Sunday, September 23, 2007


Equinox: 1) Either of two points on the celestial sphere where the celestial equator intersects the ecliptic; 2) either of the two times each years when the sun crosses the equator and day and night are everywhere of equal length.

Think about it... for one brief moment, twice each year, there is perfect equality of light and dark on our planet. A perfect moment of balance that has existed from the first day of Creation. And God pronounced that it was good. I find I have to remind myself that the change in the balance of daylight and darkness, the changing of the seasons is a good thing. Don't get me wrong, I love autumn with its brightly colored leaves, crystal clear blue skies, and crisp cool mornings. I love pumpkins and squash and juicy apples and the smell of cinnamon and big, bushy pots of chrysanthemums. All the traditional symbols of autumn are beautiful it's that change in the balance of light and dark that I have trouble with.

I need light. I crave daylight the way some people crave chocolate or pregnant women crave strange things like pickles and ice cream (or so they say...I have no experience in these matters so what do I know?). So despite the fact that it was just another 90+ degree hot and dry day like most of the days that have preceeded this day, it was *not* just another day. So to counteract the dread of darkness that grabs me on this day each year I went out into my garden to commune with the flowers that have lingered despite the drought. The roses are beautiful. They are blooming with gusto, seemingly oblivious to the dark and cold that lie ahead. That's the beauty of roses-- they burst out early in May and keep on going until a hard freeze tells them to stop for awhile. And so, given adequate water and a bit of pruning and fertilizer and they are content.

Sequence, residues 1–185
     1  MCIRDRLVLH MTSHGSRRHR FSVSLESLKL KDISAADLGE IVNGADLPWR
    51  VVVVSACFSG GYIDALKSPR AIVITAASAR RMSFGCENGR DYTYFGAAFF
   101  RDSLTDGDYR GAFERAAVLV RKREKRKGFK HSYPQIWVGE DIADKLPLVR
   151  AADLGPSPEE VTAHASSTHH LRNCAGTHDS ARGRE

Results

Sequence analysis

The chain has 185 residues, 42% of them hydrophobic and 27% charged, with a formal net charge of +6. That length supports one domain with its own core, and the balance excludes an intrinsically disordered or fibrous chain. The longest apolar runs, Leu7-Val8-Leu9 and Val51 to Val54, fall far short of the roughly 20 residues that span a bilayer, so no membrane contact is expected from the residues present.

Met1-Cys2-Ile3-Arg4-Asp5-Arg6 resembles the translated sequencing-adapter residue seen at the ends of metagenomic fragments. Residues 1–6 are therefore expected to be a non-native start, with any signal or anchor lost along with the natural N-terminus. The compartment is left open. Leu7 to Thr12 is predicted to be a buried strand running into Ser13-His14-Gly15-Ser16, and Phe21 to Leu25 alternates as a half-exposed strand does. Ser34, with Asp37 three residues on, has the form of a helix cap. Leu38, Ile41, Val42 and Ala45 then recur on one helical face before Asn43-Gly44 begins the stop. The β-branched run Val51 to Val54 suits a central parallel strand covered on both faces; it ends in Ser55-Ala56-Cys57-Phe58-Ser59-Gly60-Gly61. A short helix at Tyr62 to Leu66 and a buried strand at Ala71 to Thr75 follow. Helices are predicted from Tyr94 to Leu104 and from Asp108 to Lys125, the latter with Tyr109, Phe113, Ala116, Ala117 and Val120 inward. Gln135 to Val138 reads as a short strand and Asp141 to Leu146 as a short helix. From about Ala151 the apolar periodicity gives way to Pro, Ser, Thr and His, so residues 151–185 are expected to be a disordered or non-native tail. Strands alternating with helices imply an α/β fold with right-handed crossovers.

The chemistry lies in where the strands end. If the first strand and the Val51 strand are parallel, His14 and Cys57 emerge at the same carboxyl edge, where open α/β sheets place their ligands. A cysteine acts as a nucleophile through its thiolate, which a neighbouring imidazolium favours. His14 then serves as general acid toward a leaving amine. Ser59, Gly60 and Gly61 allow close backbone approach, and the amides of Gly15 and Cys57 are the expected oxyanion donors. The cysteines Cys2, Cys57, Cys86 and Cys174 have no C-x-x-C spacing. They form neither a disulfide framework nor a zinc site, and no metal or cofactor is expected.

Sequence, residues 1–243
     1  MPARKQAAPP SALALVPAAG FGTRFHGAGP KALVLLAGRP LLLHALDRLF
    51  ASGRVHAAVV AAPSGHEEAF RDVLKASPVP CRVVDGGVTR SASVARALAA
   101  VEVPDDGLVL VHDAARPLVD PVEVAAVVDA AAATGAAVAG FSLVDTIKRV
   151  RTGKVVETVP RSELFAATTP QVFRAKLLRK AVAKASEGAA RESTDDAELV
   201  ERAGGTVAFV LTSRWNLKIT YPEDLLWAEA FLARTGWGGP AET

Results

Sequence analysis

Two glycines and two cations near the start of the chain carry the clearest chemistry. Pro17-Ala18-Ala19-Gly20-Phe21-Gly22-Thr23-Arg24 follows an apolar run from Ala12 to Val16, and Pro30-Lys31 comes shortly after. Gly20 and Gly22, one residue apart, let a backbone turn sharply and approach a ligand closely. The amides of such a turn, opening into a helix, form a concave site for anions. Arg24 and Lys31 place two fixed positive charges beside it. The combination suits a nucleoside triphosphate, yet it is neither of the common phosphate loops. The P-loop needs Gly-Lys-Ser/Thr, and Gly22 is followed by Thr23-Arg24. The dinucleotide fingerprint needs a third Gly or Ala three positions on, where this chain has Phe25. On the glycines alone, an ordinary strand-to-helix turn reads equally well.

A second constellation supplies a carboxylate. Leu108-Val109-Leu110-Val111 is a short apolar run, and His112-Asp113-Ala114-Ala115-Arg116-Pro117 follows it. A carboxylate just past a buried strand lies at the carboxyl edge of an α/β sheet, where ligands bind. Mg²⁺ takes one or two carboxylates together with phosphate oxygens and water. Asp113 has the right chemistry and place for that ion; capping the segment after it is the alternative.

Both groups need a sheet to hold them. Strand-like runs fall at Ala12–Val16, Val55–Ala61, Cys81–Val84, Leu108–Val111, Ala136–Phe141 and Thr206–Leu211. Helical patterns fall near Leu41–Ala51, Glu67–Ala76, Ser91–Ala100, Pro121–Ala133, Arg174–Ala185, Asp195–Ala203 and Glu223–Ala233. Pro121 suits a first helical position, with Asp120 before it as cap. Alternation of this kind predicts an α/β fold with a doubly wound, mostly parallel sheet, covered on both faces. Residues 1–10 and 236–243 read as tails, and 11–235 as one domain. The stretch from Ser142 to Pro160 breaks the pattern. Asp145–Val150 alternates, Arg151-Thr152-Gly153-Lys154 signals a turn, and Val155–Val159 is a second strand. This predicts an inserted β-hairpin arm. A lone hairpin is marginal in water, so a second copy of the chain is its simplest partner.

Roses stick around for months, from mid-spring late into the fall, but not all flowering plants are like that. Some wait until summer is almost over before showing their true colors. The flowers in this picture are like that. These sedum grow into huge mounds of chubby green "leaves" over the course of the summer, but they are just now coming into full bloom. I love their lacy lavender heads filled with hundreds of tiny blooms. In a few weeks, the flowers will shrivel and transform into dark burgandy stems that will provide interest in the winter. Others of my flowers develop purple berries that are a feast for the birds. Neither of these things would transpire if a change in the balance between light and dark didn't occur twice each year. So long summer... it's been good sharing the light with you.

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